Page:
Terminal Velocity of a Ball Given Velocity and Accelerationby blradlof Tags: acceleration, ball, steel, terminal, velocity 

#1
Dec1712, 12:05 AM

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1. The problem statement, all variables and given/known data
A steel ball is dropped from a great height. When its velocity is 20m/s its acceleration is 7.35 m/s^2. What is it's terminal velocity? 2. Relevant equations V  V_o = at F = ma (Air resistance isn't given, so I don't think drag force can be used.) 3. The attempt at a solution 1. I know the final net force must equal 0. 2. The answer is 40 m/s, but I am unsure of how to get this answer. 3. I tried calculating drag force and taking the limit as time approaches infinity, but I must be making an error. 



#2
Dec1712, 01:02 AM

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#3
Dec1712, 01:09 AM

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Well I know air resistance is proportional to velocity, but I don't see how I can find air resistance without knowing surface area, mass, density, temperature, etc.




#4
Dec1712, 01:32 AM

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Terminal Velocity of a Ball Given Velocity and AccelerationYou can find b/m for the given conditions. Then, what does v have to be if a = 0 ? BTW: Are you sure about the answer of 40 m/s ? If so, then I conclude that the air resistance follows a different law . 



#5
Dec1712, 02:13 AM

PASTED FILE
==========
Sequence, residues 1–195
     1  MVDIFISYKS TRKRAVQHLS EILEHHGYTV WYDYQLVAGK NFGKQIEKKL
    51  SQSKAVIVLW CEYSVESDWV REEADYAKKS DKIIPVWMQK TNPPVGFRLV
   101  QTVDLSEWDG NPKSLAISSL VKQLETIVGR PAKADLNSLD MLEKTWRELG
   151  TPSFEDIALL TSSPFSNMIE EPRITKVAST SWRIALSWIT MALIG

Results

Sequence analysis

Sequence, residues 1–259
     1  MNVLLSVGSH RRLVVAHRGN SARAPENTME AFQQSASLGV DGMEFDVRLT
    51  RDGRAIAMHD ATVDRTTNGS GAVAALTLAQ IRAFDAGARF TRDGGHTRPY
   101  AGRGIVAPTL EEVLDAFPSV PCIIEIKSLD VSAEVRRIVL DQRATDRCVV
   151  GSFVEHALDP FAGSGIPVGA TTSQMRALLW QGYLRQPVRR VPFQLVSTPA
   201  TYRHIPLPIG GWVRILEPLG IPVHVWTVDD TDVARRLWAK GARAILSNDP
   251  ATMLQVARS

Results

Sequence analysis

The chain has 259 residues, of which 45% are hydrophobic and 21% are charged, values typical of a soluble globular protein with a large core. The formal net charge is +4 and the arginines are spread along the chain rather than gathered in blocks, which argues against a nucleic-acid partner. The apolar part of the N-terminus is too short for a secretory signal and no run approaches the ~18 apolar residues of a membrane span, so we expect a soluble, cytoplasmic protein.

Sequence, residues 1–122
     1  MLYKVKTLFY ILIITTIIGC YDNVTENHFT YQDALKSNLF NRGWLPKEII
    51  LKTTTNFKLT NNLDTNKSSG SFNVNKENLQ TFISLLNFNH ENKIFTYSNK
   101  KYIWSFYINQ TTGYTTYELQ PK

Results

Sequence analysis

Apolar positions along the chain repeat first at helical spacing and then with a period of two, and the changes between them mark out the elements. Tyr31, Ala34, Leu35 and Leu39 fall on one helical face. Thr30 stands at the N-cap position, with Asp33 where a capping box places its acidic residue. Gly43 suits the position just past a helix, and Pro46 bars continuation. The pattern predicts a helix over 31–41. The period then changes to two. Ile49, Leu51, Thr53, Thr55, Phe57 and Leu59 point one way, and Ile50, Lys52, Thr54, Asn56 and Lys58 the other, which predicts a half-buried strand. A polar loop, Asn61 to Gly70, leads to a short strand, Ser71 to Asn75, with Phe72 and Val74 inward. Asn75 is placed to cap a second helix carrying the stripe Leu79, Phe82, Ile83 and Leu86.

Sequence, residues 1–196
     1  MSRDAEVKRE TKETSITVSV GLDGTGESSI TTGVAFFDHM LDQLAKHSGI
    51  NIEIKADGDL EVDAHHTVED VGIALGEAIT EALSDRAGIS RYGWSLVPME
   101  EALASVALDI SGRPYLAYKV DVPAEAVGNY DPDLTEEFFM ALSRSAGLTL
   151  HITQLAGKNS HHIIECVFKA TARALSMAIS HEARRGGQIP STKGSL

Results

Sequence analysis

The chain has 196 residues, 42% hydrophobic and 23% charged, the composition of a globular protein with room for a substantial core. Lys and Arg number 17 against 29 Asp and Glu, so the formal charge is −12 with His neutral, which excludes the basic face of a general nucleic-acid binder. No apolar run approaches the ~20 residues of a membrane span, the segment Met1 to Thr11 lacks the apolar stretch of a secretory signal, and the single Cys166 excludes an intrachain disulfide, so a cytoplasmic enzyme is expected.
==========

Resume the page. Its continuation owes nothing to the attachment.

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v = mg/b
1. What does b stand for? 2. I'm sure it is 40 m/s. I came up with multiple answers, but they were all smaller than 40 m/s. 3. They don't give a value for mass. (If I understand what b stands for, I may be able to figure it out.) 



#6
Dec1712, 02:28 AM

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The forces acting on the falling ball are gravity and air resistance, which is proportional to velocity and opposite to it.
Writing up Newton's second law, F=ma=mgkv. The acceleration is a=g(k/m) v. You know that a=7.35 m/s^{2} when v=20 m/s. Plug in: you will find k/m. The ball will reach the terminal velocity when the two forces  gravity and air resistance  cancel, that is, the acceleration is zero: g(k/m) v=0. You know k/m, how big is v? If the given result is 40 m/s then the air resistance is taken proportional to v^{2}. Do the same procedure, replacing v by v^{2}. 



#7
Dec1712, 02:31 AM

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If you assume that the drag force (air resistance) is proportional to v^{2}, you will get 40 m/s for your answer. This whole thing is essentially just working with proportiona. 



#8
Dec1712, 03:57 AM

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Thank you so much! I forgot that air resistance can be proportional to v and v^2.




#9
Dec1712, 09:55 AM

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a=gkv, a is a function of veolcity(assumption) k is a constant and then we can find k, by using given data.
then find a=0, which kv=g, you can find out v which is terminal veolcity. 



#10
Dec1712, 01:30 PM

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In the given problem it appears that acceleration, as well as force, is proportional to v^{2} . 


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